J. L. BELL is a Massachusetts writer who specializes in (among other things) the start of the American Revolution in and around Boston. He is particularly interested in the experiences of children in 1765-75. He has published scholarly papers and popular articles for both children and adults. He was consultant for an episode of History Detectives, and contributed to a display at Minute Man National Historic Park.

Follow by Email


Saturday, August 20, 2016

“A British grenadier made prisoner”

In his History of the Rise, Progress, and Establishment, of the Independence of the United States of America, in a section dated to late 1776, the Rev. William Gordon included this anecdote of the war:
It happened, that a garden of a widow woman, which lay between the two camps, was robbed at night. Her son, a mere boy and little of his age, asked leave for finding out and securing the pilferer, in case he should return; which being granted, he concealed himself with a gun among the weeds.

A British grenadier, a strapping highlander, came and filled his large bag; when he had it on his shoulder, the boy left his covers came softly behind him, cocked his gun, and called out to the fellow, “You are my prisoner; if you attempt to throw your bag down I will shoot you dead: go forward in that road.” The boy kept close to him, threatened, and was alway prepared to execute his threatening. Thus the boy drove him into the American camp, where he was secured.

When the grenadier was at liberty to throw down his bag, and saw who had made him prisoner, he was most horridly mortified, and exclaimed—“A British grenadier made prisoner by such a d——d brat—by such a d——d brat.”

The American officers were highly entertained with the adventure; made a collection for the boy, and gave him some pounds. He returned fully satisfied with the losses his mother had sustained.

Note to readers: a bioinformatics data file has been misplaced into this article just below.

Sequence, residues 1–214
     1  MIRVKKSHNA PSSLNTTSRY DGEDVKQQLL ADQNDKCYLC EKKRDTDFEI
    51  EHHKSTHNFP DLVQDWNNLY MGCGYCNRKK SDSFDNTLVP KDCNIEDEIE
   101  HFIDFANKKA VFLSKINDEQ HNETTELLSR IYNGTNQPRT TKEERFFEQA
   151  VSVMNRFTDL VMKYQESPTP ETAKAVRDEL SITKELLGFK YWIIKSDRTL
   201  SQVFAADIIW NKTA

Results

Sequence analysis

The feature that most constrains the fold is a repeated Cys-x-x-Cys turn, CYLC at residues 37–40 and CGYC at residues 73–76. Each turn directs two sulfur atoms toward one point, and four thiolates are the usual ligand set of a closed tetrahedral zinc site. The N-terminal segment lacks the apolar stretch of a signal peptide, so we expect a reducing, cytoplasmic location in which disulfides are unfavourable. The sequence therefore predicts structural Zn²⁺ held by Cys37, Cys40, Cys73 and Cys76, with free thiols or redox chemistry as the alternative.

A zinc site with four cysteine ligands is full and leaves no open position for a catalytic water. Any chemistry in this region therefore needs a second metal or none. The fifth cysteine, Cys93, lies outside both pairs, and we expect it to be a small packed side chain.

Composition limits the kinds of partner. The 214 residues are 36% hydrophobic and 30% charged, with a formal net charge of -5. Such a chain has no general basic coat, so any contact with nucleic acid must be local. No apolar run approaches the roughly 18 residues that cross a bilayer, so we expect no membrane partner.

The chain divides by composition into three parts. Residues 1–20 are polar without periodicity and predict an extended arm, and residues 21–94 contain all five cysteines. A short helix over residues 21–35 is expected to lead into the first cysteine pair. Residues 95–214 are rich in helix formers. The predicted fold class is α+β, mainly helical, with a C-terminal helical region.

The soldier had side arms, but they were of no use, as he could not get rid of his bag.
In a footnote Gordon added, “Mr. Vanbrugh Livingston of New York told me, he had this from major Ross of Lancaster in Pennsylvania, who saw the soldier brought in.” That was presumably James Ross (1753-1808), son of Declaration of Independence signer George Ross.


G. Thomas Fitzpatrick said...

The photo is spot-on! That is a regimental coat of the 42nd or Royal Highland Regiment of Foot, and he is wearing a grenadier cap! Arranged or happy coincidence?

J. L. Bell said...

That's a photo I took at least ten years ago at the end of a reenactment on a very hot day. That young fellow was helping his father pack up, I believe. Seeing this story from the Rev. Mr. Gordon reminded me of the image, so I dug it out. Presumably that grenadier mascot is now working in finance or something.

John L Smith Jr said...

George Ross also (may have been) a relative to Betsy Ross. ?

J. L. Bell said...

James Ross, the likely source of this story, was a first cousin of John Ross, who eloped with Betsy Griscom. As of the time of this anecdote, John had died, probably in Philadelphia's preparation for war.